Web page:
Massachusetts is currently considering a bill titled “An Act Relative to End of Life Options,” which would legalize assisted suicide in certain circumstances. In a letter, Massachusetts resident Pauline Morris offers an often-overlooked perspective in the debate: the perspective of people who have survived a loved one’s suicide. Morris writes that in considering the legislation, “I cannot help but to think about my experience with suicide.”
Almost five decades ago, Morris’s husband died by suicide at age 31, leaving her and their four young children in shock. She acknowledges that the motivations for her husband’s suicide may seem different than those sanctioned under the proposed bill, but she states “assisted suicide is still suicide.” Pointing to studies of patients’ reasons for seeking assisted suicide, Morris notes that patients seek it not because of physical pain, but due to existential suffering, the same suffering that drove her husband to take his life.
While assisted suicide advocates emphasize it as a “solution” to suffering, it ends a person’s life, and the suffering does not end for a patient’s loved ones. Morris writes, “There is always that empty place where the loved one should be. Time does not heal the wounds of suicide. The act is never over for the loved ones left behind. The pain is forever and has a ripple effect on future generations.” Similar feelings have been expressed by family members left behind by legal assisted suicide.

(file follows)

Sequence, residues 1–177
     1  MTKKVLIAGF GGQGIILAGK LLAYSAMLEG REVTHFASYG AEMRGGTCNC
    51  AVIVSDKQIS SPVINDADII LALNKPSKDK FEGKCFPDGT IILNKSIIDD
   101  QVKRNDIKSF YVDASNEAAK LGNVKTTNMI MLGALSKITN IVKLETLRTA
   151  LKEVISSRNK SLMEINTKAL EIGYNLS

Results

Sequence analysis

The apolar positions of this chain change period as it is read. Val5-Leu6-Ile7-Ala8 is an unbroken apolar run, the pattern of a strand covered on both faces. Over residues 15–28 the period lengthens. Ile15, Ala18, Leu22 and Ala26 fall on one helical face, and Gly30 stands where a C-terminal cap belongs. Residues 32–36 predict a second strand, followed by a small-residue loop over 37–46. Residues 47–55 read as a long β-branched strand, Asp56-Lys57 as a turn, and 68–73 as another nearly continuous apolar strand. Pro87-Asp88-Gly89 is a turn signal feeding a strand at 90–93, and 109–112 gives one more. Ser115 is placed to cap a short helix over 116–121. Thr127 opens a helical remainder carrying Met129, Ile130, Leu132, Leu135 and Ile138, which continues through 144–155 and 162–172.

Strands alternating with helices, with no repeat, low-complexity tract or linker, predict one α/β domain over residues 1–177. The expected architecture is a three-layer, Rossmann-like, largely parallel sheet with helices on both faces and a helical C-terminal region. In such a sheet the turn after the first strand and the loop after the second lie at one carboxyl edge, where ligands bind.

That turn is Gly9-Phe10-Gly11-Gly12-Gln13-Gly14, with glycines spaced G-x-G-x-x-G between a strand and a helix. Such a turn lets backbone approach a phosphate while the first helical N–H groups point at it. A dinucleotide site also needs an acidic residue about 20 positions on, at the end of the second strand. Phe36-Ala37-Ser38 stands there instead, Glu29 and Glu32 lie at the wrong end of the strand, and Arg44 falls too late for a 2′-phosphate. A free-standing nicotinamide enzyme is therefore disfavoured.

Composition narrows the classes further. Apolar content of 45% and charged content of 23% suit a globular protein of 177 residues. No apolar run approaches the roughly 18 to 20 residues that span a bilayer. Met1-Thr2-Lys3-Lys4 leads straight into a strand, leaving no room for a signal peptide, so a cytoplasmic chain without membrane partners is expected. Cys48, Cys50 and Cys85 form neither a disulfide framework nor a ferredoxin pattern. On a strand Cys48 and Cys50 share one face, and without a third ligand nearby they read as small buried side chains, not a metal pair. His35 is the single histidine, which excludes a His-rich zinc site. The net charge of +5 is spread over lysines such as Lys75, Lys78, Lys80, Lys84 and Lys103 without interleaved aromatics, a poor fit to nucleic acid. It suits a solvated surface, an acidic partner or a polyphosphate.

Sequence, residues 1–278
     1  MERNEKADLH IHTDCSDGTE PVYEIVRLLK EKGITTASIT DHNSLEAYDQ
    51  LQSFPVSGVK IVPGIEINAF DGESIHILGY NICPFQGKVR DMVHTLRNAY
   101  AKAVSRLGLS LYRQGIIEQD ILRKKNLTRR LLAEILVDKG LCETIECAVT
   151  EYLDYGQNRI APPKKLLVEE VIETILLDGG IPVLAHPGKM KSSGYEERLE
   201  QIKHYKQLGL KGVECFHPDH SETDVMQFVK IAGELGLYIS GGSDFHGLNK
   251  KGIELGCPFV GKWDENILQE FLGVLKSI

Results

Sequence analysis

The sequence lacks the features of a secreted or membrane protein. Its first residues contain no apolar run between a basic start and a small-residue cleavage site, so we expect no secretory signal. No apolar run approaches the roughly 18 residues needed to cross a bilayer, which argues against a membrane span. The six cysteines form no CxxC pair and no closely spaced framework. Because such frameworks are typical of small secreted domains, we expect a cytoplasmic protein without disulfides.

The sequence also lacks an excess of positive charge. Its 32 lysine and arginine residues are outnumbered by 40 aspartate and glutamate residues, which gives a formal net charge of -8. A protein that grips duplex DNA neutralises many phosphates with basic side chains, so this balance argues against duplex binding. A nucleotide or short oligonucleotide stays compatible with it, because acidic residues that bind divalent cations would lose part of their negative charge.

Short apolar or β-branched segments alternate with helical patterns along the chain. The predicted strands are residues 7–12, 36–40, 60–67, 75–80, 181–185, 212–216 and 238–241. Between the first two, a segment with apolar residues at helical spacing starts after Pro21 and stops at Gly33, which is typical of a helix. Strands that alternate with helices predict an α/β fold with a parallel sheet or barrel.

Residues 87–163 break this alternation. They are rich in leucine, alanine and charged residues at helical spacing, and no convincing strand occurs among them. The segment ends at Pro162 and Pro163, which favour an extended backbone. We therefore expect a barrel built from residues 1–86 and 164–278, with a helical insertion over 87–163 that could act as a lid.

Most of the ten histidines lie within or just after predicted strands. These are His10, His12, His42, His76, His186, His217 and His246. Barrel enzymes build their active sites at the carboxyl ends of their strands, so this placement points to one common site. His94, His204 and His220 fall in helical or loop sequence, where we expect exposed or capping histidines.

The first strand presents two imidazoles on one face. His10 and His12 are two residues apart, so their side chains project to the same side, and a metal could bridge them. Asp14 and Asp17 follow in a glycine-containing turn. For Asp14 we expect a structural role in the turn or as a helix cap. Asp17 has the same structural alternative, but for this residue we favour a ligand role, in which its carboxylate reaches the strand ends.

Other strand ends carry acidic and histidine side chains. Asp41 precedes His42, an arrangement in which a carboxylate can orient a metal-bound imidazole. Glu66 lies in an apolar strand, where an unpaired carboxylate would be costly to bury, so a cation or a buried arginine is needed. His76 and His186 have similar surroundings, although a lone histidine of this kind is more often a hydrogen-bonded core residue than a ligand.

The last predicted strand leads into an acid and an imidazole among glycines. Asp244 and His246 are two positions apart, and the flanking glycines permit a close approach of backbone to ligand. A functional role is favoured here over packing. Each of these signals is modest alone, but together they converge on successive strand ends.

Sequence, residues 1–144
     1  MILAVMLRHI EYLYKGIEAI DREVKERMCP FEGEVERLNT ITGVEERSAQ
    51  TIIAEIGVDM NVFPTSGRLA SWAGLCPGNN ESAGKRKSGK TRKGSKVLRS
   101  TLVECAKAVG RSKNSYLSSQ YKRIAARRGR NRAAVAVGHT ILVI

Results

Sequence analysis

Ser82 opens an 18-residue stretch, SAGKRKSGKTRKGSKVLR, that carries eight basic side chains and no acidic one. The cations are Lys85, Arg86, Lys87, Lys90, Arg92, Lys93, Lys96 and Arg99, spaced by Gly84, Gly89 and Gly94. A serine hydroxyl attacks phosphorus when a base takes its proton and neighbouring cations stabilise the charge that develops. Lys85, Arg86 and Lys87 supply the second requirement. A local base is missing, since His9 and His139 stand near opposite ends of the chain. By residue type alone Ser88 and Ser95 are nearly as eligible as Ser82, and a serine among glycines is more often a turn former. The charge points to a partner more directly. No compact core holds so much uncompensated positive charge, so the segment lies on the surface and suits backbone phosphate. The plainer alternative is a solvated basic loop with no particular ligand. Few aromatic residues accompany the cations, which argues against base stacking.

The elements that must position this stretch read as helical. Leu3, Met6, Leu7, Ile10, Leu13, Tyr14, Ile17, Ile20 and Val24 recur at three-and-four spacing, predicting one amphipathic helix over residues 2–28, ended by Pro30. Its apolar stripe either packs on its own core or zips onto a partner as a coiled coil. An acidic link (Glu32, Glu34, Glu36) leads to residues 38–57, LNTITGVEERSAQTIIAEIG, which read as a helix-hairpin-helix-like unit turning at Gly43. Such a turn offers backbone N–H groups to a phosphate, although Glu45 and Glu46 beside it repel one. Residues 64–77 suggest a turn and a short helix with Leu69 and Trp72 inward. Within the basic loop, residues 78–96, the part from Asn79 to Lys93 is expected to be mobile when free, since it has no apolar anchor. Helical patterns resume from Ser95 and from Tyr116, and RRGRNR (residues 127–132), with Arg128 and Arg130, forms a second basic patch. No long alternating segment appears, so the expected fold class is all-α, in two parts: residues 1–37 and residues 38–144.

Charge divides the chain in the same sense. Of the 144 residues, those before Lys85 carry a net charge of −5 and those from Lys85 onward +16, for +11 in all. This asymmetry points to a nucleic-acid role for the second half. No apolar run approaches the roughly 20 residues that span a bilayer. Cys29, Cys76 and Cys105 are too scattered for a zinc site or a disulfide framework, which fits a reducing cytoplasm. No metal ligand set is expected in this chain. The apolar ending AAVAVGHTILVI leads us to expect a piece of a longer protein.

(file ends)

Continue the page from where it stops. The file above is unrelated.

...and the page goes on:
That ripple effect includes a greater likelihood for those affected by the loss to die by suicide themselves, because suicide is contagious. While advocacy groups claim that legal assisted suicide does not influence the overall suicide rate, others have raised the alarm that the teen suicide rate has doubled in Oregon, where assisted suicide is legal and has received extensive media coverage.
Morris, who now has cancer and whose husband suffers from dementia, calls for care to address patients’ depression, instead of presenting assisted suicide as medical care. She writes, “Everyone’s experience with terminal illness is unique, but based on my experience with my husband, suicide is not the answer. Legalizing assisted suicide via a lethal legal overdose sends a message: some lives are not worth living, namely the lives of people with terminal illness and disability.”
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